[Writer Jenn M. Jackson explores the radical nature of Martin
Luther King Jr., whose legacy, she says, was whitewashed over time.]



 Jenn M. Jackson 
 January 15, 2019
Teen Vogue

	* [https://portside.org/node/19134/printable/print]

 _ Writer Jenn M. Jackson explores the radical nature of Martin Luther
King Jr., whose legacy, she says, was whitewashed over time. _ 

 , William H. Alden/Getty Images 


The earliest lesson I learned about Martin Luther King Jr. was that he
had “a dream
Delivered in his most well-known speech at the 1963 March on
Washington, as posed to me and as I understood clearly in my
adolescent mind, that dream was a colorblind one.

That manufactured perspective — often told to young children and
supported by mainstream, predominantly white commentators
— was focused on erasing the divisions between black and white
people, not necessarily by blaming white people for their
participation in systems of anti-black racism, but by moving beyond
racial difference altogether.

But that was never actually King’s dream. His was much more radical
than that.

In 1954, King was finishing a doctoral dissertation
at Boston University. Soon he was thrust into the political limelight
early on in his career as a 25-year-old pastor of Dexter Avenue
Baptist Church in Montgomery, Alabama. The political moment
necessitated a radical approach to politics — he was pastoring as
_Brown v. Board of Education_
was decided, effectively ending legal segregation in the United

This monumental civil rights win, and the promise of freedom of public
movement for black Americans, signaled an era of struggle and triumph
for King and those who believed in his nonviolent cause. On the heels
of _Brown_, King was just 26
when he helped facilitate and lead the Montgomery Bus Boycott
which started on December 5, 1955, and lasted over a year.

It is estimated that the Montgomery bus lines lost 30,000 to 40,000
bus fares [https://www.nps.gov/articles/montgomery-bus-boycott.htm]
each day because of the boycott. For 381 days, boycotters walked or
carpooled to and from their destinations. The boycott and a legal
challenge forced the Montgomery City Lines bus company to desegregate
their fleet by November 1956, which sparked years of nonviolent
organizing in the South. It was King’s unconventional engagement
tactics, organizing black communities through “direct actions
[https://www.nps.gov/nr/travel/civilrights/strategy.htm]” on buses,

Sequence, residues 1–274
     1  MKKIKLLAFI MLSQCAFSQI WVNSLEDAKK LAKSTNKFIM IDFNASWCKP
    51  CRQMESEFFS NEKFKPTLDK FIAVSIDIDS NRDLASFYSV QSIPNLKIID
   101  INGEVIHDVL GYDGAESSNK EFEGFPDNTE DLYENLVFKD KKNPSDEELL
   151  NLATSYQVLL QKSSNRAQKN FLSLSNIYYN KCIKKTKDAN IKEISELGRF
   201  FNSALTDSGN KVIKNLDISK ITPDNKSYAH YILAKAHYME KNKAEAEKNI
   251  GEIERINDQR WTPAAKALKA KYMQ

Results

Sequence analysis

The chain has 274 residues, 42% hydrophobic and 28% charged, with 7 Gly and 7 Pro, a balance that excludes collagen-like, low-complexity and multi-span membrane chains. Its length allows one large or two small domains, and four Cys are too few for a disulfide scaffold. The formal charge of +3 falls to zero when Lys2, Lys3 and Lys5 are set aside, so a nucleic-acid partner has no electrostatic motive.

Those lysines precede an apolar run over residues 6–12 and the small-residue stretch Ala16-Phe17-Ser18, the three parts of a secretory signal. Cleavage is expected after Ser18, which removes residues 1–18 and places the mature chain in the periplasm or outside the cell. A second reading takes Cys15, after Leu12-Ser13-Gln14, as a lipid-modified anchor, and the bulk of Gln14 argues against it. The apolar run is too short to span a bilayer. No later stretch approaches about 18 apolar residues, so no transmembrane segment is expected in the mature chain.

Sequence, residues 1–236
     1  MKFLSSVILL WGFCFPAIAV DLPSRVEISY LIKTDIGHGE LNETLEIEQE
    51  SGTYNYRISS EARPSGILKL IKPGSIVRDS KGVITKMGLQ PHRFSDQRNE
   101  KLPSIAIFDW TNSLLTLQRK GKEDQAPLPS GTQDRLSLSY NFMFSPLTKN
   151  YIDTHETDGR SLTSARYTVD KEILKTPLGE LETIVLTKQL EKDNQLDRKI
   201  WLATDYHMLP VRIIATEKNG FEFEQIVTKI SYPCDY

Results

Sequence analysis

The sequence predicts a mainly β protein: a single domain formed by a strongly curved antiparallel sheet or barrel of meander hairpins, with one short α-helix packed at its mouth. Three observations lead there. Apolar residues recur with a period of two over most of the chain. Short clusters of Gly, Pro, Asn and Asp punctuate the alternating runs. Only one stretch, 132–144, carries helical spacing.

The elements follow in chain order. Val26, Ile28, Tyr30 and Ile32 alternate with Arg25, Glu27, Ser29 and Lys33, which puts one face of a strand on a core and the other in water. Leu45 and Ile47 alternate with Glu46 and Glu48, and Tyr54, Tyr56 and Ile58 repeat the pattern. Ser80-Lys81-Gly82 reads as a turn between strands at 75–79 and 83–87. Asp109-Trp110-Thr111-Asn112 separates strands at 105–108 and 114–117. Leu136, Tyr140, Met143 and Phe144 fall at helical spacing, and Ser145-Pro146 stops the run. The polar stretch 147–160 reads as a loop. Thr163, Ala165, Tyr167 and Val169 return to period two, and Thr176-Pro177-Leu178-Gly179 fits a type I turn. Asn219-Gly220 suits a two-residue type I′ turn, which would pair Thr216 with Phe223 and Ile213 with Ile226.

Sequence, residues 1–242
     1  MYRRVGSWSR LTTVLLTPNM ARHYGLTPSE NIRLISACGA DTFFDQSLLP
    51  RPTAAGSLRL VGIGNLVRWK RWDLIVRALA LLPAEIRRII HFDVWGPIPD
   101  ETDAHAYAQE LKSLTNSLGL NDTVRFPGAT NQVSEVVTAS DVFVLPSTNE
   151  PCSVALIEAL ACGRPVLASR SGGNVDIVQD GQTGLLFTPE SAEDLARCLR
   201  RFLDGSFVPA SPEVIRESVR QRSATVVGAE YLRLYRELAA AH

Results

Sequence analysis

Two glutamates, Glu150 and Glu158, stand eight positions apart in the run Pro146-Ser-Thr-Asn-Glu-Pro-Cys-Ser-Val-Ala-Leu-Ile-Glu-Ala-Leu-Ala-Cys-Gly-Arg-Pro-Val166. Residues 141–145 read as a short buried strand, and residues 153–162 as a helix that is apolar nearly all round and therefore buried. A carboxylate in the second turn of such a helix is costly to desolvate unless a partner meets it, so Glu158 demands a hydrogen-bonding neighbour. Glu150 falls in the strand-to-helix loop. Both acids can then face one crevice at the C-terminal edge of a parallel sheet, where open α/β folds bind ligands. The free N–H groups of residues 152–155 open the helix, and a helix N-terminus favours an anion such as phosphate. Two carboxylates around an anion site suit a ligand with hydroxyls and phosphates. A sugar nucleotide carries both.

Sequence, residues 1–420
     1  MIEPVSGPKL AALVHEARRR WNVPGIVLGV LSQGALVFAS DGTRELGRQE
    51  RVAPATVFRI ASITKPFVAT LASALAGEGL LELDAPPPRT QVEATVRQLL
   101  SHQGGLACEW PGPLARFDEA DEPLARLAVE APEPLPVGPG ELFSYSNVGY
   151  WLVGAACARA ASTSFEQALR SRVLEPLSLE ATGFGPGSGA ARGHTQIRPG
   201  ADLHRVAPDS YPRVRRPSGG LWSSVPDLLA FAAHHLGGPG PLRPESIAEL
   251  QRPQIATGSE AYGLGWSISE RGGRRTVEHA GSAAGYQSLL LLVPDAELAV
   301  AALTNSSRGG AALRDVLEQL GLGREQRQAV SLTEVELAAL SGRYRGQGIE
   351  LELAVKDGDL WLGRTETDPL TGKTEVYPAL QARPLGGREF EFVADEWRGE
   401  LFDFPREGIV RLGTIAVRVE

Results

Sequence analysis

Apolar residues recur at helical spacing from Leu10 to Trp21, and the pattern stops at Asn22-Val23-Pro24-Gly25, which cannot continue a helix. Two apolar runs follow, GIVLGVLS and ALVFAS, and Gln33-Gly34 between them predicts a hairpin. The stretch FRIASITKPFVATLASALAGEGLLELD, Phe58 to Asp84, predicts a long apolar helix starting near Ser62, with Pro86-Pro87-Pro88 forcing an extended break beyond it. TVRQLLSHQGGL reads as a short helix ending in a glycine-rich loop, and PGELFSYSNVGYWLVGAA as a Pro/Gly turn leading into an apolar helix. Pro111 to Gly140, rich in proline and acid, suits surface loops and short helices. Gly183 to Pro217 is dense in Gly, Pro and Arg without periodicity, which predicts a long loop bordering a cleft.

at lunch counters, libraries, and many other public facilities, that
quickly elevated his name among national movement circles and
mainstream media alike.

But this effort didn’t spring forth from nothing. Black women and
girls like 15-year-old Claudette Colvin and 42-year-old Rosa Parks
first refused to obey segregation laws on Montgomery buses that
relegated black riders to the back rows and mandated they give up
their seats to white riders, and had been gaining attention before its
start. And the pressure-cooker–like conditions of many Southern
cities stoked the flames of a burgeoning civil rights movement
galvanized by the gruesome kidnapping and murder of 14-year-old
Chicago-born Emmett Till
while visiting family in Money, Mississippi, in August 1955. Till’s
murder had a profound effect
on King, as it represented the horrors of the anti-black racism he was
bracing himself to stand against.

By 1963, the year four little girls were killed
in cold blood by KKK members, King had already made frequent trips to
Birmingham, Alabama, even getting arrested during his nonviolent
protests of racial segregation with the Southern Christian Leadership
Conference (SCLC).

The sanitized version of King’s life and work — the colorblind
“I have a dream” narrative — often fails to acknowledge how
King’s increasing profile as a radical, anti-racist organizer drew
antagonism from the FBI and its director at the time, J. Edgar Hoover
which began as early as 1964, four years before he was assassinated.

In fact, in October 1963, U.S. attorney general Robert F. Kennedy
authorized secret wiretapping of King’s phones and kept the
surveillance under wraps until a few weeks after the assassination.
The FBI’s continued use of surveillance, in tandem with its efforts
to defame King as a Communist sympathizer
hardly comports with passive stories one would expect of the peaceful,
nonconfrontational character often described today. But rather than a
truthful reckoning with his radical positions on justice, many cling
to King’s earlier quotes and work, misrepresenting the full gamut of
his contributions to the justice tradition. Just last year, the FBI
attempted to “honor” King by quoting him on Twitter
Yet the bureau didn’t follow up its tweet with any explanation as to
how such an honorable man was once one of its greatest adversaries.

King was a staunch antiwar activist and spoke firmly against U.S.
militarism in the Vietnam War